Several pieces had to be disassembled in order to get to this plate, although at this point I'm doubting whether or not so much work was necessary, since I was so excited upon the discovery that I forgot to notice whether I could have found the spring and remove it without having to disassemble so many pieces.
The metal plate is black and thick, and is held down with a heavy gauge black machine screw. The plastic pin makes contact with the underside of this plate, which compresses the spring when the foot presser lever is up. Once the lever is disengaged from its locked or resting position (in the case of the embroidery position), the compressed spring pushes the entire foot presser down, as it DID when I first bought the machine.
These are the disassembly steps, without diagrams, but use your imagination as best you can to picture my description.
1 - Top cover removal.
The top cover (the one with the different built-in patterns drawn on its inside face) is held in place by two thin black metal plates where it hinges. A little bit of pressure towards the outside on the top of one of the plates (on either side) will release the pivot pin on one end, and then a little jiggle in the same direction will release the other. Put the cover aside.
2 - Concave top cover removal.
This cover is the one that houses the thread spool in the horizontal position, if that is your choice when sewing. It is held down by two plated machine screws, one short and one long. After removing the screws a little jiggling will help removing it, pulling it mainly upwards. You may need to put the large handle up, to allow for more movement. Put it aside once removed.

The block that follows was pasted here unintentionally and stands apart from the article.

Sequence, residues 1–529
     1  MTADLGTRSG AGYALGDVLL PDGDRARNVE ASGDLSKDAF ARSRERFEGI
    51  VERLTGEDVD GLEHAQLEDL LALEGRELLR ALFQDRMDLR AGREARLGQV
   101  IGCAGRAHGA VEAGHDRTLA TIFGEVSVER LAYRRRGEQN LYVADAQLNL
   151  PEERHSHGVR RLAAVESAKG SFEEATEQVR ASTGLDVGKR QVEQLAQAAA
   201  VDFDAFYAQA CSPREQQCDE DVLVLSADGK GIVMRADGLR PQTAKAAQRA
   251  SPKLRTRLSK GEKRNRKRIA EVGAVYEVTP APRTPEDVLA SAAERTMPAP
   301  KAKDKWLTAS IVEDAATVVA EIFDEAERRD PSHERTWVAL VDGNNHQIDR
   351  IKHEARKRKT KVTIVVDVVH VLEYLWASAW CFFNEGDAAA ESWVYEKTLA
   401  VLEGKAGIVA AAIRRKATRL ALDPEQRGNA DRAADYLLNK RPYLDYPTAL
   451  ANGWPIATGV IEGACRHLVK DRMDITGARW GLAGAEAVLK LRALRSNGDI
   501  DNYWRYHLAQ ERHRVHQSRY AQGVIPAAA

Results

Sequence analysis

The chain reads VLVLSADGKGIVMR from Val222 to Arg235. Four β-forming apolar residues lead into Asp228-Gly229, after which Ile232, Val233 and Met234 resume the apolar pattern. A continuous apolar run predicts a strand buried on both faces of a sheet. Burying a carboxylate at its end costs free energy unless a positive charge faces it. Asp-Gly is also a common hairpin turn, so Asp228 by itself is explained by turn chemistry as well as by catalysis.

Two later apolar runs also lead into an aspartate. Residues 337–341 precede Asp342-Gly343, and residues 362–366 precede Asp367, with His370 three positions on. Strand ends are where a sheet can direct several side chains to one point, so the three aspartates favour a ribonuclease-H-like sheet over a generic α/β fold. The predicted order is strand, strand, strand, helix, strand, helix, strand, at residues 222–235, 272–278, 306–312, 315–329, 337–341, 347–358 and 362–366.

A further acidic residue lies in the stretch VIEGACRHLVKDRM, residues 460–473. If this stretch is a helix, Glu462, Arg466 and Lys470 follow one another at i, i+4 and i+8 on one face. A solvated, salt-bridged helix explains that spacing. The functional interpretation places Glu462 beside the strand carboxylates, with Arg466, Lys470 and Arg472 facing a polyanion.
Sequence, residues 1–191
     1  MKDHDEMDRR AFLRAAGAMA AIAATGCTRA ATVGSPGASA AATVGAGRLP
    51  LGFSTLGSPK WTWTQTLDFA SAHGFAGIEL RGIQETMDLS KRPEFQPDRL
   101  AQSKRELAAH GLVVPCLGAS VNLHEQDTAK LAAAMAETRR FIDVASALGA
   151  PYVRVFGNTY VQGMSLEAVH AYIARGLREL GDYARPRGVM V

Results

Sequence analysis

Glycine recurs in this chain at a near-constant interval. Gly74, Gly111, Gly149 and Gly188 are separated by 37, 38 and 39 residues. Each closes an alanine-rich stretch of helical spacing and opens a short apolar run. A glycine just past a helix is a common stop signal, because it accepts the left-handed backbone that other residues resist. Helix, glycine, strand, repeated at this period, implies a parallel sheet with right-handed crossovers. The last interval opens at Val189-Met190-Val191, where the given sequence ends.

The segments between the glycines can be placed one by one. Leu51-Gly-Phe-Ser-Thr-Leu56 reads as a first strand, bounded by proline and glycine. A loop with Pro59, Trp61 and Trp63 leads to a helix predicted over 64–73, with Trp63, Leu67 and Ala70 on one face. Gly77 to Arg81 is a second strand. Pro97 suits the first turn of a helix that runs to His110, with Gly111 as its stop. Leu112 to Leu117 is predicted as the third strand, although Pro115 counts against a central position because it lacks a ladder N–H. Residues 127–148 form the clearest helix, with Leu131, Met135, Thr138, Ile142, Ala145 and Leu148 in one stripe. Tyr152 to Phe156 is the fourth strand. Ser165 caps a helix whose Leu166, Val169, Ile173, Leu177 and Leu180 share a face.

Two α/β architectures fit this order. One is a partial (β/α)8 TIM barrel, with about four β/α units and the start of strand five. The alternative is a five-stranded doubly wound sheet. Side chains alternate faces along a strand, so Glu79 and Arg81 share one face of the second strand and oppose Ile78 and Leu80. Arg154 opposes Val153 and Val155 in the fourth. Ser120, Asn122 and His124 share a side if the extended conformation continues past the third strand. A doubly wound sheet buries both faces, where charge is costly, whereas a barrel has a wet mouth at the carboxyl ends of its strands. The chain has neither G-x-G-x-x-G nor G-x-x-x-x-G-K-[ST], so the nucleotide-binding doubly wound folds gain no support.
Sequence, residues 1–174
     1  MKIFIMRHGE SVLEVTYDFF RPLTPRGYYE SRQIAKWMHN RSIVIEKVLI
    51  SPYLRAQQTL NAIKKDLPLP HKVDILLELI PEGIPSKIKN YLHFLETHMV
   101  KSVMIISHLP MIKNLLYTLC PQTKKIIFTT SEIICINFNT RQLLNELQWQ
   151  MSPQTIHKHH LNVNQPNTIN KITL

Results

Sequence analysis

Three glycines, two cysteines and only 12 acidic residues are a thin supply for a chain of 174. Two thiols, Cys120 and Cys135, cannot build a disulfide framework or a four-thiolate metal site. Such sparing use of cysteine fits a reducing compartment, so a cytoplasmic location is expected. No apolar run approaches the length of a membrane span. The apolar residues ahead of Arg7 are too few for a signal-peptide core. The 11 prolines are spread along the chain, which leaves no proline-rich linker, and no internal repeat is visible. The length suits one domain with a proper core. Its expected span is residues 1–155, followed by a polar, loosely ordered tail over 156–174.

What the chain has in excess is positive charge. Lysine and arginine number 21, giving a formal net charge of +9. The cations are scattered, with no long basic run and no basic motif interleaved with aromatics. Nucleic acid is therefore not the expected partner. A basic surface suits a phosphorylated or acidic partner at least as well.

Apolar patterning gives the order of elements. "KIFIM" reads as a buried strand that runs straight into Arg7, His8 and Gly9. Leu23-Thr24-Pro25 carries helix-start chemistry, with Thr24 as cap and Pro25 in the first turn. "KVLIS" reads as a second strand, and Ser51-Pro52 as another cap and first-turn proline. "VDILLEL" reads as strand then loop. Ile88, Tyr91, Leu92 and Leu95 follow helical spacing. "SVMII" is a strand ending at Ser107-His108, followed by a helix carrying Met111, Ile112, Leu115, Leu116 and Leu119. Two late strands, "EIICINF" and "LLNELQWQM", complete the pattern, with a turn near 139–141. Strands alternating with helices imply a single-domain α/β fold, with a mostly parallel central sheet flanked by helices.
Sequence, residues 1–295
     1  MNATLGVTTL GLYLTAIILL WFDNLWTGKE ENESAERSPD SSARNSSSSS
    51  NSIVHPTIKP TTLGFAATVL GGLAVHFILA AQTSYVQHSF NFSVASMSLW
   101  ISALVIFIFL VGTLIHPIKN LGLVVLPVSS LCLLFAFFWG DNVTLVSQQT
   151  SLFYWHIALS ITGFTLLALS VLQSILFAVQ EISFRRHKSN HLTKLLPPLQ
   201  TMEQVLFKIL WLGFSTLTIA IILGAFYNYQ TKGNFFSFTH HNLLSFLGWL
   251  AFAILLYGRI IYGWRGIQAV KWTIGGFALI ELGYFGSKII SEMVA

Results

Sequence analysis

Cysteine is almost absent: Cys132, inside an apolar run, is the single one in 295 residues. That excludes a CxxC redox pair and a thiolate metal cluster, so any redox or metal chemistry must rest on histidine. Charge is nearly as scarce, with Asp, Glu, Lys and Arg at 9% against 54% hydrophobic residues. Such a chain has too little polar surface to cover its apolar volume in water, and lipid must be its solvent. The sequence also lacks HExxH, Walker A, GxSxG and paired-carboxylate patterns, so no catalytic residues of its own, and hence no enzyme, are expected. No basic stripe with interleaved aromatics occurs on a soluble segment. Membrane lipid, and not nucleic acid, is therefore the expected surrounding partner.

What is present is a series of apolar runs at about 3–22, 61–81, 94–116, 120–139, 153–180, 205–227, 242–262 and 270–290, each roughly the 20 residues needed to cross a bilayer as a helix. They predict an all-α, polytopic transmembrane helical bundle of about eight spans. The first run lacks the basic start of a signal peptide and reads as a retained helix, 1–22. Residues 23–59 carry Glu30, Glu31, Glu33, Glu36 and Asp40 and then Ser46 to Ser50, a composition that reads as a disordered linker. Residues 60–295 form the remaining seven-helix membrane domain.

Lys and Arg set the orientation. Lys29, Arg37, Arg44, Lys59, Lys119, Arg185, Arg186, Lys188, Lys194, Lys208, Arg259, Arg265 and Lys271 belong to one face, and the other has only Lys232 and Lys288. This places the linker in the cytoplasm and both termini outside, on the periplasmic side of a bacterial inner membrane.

3 - Side cover removal.
This covers the area where the foot presser is housed, on the left side of the machine, as you face the buttons on the front of the machine.
Standing behind the machine, once step 2 has been achieved, one can see from the top, looking down, a large black machine screw on your right hand side, just inside the cover. You don't need to remove it completely, just about 1/2 turn will loosen the pressure to release the cover. Pull the cover outwards and sideways and set aside. You may want to also remove the light bulb, to be able to get to the mechanism to clean it, to remove pieces of thread that may be lying around or caught in the different moving parts. Push the light bulb gently in while turning it counter clockwise. You'll feel it disengaging from its socket. Pull it out and set it aside. Clean it if necessary. Use the scissors and the tweezers to remove any lint and debris.
4 - Pressure discs plate removal.
I'm not 100% sure now that this can be done at this stage, but continue. If this particular plate cannot be removed, because other components get in the way, then skip to step #4A below and come back here later.